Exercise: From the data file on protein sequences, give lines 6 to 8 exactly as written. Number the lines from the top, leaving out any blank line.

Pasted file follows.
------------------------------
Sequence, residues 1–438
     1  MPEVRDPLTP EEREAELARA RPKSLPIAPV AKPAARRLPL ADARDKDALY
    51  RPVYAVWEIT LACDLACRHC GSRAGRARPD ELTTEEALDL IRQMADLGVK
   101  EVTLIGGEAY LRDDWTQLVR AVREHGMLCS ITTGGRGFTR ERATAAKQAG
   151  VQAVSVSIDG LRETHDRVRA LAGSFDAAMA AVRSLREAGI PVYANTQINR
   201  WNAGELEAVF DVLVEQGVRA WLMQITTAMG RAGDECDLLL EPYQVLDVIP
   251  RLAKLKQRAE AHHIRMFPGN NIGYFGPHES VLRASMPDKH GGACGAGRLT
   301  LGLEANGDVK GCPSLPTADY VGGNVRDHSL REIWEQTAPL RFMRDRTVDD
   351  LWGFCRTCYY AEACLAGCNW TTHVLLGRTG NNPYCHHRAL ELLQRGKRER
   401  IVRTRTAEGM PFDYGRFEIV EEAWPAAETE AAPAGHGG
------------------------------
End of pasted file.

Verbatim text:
   201  WNAGELEAVF DVLVEQGVRA WLMQITTAMG RAGDECDLLL EPYQVLDVIP
   251  RLAKLKQRAE AHHIRMFPGN NIGYFGPHES VLRASMPDKH GGACGAGRLT
   301  LGLEANGDVK GCPSLPTADY VGGNVRDHSL REIWEQTAPL RFMRDRTVDD